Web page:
What is true is that online advertising will get harder. The embrace of digital marketing so far is largely based on two essential factors: it’s effective and it’s easy. The widespread adoption of Ad Blockers will challenge that foundation. Ad blockers will make it both more difficult and expensive to reach people with an advertising message. To add to the pessimism, this isn’t likely to stop with online advertising. As everything we consume shifts to digital, whether it be entertainment or e-commerce, this same automated Ad Blocking capability will spread beyond banner ads.
So what’s the appropriate reaction for people whose business depends on the advertising industry? The short term effects will vary based on where you are in the business chain. But if you rate yourself among the advertising professionals who are actually pretty good at what they do, you should welcome the Ad Blockers with open arms.
That’s because Ad Blockers will make our business harder, and harder is better. Harder means that being smart and creative will matter even more. If people have a greater ability to opt out of advertising, that means we’ll have to provide better reasons for people to opt in.
Ad Blockers will make our business harder, and harder is better
There are a few moments when the work of marketers and their agencies rises to the highest level of the craft. The Super Bowl is the most obvious and established example of this. It’s a time when people actually look forward to hearing from marketers. The ones who rise to the occasion are lauded and rewarded; the ones who don’t are ignored. If you go to any of our self-congratulatory award shows (Cannes, Clio, Effie, etc.), you see a lot of hype. But you also see work that inspires for both the quality of the craftsmanship and the business impact. That’s when we are at our professional best.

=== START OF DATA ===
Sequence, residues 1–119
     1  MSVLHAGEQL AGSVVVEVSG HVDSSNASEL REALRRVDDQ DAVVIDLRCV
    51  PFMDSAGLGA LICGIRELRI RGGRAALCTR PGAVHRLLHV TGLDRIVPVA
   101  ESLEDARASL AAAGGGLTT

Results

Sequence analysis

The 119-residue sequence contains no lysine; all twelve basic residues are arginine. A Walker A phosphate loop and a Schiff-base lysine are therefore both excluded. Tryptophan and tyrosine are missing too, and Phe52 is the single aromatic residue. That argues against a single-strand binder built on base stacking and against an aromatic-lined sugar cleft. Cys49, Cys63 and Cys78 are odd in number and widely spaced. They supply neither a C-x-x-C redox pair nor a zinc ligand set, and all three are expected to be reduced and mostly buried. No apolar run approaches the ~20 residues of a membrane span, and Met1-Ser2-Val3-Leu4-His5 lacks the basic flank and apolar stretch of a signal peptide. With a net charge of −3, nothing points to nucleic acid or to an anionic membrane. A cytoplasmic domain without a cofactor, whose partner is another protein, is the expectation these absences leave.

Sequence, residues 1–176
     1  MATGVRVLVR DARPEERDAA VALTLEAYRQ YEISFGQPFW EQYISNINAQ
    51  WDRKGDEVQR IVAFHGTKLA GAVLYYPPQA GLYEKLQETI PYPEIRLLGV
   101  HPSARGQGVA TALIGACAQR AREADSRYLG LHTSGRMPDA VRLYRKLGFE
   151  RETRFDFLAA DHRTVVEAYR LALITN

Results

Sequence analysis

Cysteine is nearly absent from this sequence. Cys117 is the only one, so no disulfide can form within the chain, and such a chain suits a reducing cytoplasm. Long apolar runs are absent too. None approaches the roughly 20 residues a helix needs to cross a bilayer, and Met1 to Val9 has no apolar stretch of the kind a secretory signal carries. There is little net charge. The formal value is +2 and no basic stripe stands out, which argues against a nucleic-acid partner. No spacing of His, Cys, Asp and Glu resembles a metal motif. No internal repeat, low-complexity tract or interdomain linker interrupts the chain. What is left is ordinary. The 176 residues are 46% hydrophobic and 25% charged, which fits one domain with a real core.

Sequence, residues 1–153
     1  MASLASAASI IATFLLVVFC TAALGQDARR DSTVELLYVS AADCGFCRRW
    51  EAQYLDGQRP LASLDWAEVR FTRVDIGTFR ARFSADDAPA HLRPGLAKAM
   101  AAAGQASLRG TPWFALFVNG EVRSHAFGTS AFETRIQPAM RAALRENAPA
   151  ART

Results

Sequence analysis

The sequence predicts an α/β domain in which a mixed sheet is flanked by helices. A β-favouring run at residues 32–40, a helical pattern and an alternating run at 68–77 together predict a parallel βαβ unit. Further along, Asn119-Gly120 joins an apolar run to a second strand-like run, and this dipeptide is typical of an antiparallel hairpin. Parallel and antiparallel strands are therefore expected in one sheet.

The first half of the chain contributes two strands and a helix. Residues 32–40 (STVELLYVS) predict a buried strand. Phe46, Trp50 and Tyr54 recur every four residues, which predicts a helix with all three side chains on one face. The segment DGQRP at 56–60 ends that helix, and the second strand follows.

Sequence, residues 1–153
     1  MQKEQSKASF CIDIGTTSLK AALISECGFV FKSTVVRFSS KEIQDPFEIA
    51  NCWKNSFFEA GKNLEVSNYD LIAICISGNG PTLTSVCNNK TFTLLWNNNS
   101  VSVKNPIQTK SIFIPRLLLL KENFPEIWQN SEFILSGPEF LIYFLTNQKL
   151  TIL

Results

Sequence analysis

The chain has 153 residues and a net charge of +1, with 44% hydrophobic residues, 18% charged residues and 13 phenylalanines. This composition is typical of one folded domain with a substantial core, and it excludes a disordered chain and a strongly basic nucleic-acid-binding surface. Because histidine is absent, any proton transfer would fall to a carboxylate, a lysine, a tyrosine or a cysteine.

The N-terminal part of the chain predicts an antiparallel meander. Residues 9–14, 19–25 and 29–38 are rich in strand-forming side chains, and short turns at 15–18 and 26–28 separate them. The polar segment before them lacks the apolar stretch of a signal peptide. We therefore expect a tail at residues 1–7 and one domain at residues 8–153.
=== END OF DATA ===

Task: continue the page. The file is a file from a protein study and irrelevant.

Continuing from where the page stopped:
But let’s be honest. That level of work represents a small fraction of our industry’s current advertising output. For every pound of excellence, there is a ton of schlock that is made and delivered without concern for creating something of value for the audience. In a world where it is cost effective if you only get 0.05% of your audience to engage with you, quality is not always a winning strategy.
Wouldn’t it be great to live in a world where quality won the day? I’d much rather compete in a business where winning demands a deep level of expertise, a high level of smarts, and a clear delivery of value. If Ad Blockers force marketers to be more relevant, more appealing, and more worth the time we ask people to spend with us, bring ’em on.